When Khawaja Nazimuddin took over as Prime Minister in 1951, Ghulam Muhammad was appointed as the Governor General. After coming to power, Ghulam Muhammad wanted to change the status quo of executive powers. To this end, in an undemocratic move, he dismissed the Prime Minister, Khawaja Nazimuddin in April 1953.
After dismissing Khawaja Nazimuddin, the Governor General appointed a rather unknown leader from East Pakistan, Muhammad Ali Bogra, as the Prime Minister. Ghulam Muhammad had also dissolved the Constituent Assembly although the Assembly had accomplished the task of framing the Constitution, and all obstacles in the way of its promulgation had been removed. After coming to power, Bogra declared that the making of the Constitution was one of his primary targets. He worked hard towards accomplishing this task and within six months of assuming power, came out with a constitutional formula known as the Bogra Formula. The Bogra Formula was presented before the Constituent Assembly of Pakistan on October 7, 1953.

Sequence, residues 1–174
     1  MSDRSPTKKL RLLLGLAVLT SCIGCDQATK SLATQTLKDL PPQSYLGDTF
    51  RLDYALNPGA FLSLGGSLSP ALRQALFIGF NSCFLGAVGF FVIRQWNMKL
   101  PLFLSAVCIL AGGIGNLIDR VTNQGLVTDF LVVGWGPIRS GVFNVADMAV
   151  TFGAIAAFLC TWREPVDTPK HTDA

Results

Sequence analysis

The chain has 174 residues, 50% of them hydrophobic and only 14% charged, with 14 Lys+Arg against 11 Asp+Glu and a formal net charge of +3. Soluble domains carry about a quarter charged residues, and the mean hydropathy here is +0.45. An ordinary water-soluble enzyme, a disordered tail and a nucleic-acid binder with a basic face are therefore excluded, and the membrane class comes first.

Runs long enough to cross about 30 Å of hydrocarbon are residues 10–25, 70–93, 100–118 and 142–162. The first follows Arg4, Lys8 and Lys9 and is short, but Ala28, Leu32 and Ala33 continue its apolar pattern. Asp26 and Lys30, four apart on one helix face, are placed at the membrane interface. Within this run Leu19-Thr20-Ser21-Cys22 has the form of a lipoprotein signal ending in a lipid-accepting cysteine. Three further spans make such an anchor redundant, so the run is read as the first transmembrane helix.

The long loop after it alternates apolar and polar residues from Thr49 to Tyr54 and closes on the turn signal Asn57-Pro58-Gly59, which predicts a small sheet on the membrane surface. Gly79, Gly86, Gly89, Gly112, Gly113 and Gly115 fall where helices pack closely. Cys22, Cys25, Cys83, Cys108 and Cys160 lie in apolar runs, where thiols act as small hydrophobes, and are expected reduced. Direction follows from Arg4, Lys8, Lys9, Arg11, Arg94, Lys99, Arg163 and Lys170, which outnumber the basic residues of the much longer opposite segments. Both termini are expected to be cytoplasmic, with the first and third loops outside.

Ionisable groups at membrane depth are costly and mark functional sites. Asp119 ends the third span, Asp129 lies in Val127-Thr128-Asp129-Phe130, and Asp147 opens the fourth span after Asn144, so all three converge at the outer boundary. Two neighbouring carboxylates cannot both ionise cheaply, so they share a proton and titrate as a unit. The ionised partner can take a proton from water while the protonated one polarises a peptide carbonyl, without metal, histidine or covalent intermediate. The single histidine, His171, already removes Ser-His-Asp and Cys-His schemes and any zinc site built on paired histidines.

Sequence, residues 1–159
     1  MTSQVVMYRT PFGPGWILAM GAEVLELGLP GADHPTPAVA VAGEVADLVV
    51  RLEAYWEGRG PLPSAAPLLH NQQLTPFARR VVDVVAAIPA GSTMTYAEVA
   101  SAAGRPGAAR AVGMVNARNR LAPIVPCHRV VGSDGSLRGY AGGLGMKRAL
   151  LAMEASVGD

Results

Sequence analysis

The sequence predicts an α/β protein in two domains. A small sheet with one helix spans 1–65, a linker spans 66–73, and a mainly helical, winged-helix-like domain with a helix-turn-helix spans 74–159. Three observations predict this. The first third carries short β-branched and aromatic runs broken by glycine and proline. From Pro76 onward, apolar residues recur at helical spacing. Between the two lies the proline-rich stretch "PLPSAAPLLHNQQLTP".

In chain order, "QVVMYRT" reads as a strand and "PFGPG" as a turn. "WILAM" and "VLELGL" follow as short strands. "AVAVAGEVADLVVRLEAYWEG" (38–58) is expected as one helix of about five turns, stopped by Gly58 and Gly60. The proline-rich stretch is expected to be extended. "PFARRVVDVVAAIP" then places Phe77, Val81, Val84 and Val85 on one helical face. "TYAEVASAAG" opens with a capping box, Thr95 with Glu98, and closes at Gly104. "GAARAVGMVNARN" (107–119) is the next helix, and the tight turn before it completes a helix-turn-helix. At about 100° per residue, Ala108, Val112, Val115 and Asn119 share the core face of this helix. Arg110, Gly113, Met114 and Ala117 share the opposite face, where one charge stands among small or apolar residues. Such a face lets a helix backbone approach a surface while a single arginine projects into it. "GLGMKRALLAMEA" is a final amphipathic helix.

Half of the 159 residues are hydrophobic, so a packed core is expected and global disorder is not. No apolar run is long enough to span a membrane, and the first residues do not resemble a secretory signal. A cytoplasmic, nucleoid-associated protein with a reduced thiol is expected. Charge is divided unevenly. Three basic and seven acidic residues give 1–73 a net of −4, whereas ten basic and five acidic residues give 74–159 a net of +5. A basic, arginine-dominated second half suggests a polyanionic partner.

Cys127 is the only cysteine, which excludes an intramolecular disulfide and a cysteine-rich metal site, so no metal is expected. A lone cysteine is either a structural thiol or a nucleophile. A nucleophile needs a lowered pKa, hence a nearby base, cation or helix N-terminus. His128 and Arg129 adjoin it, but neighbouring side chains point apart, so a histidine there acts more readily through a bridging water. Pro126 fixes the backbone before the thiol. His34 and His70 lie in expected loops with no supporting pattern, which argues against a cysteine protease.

A committee was set up to draft the constitution according to the approval of the Constituent Assembly. However, before the constitution could be finalized, Ghulam Muhammad dissolved the Assembly. The Prime Minster, Muhammad Ali Bogra was allowed to continue in office with a new cabinet. This move was apparently to counter a bill passed in the Assembly curtailing the powers of the Governor General. Muhammad Ali Bogra was sworn in again as the Prime Minister and it was promised that fresh elections would be held later on.
Malik Ghulam Muhammad was forced to retire from the post of Governor General due to his failing health and Major General Iskander Mirza, the Minister of Interior, took over the office. Although the expulsion of Ghulam Muhammad from power seemed necessary, yet his successor, Iskander Mirza proved to be a greater menace for the country.
This article was last updated on Sunday, June 01, 2003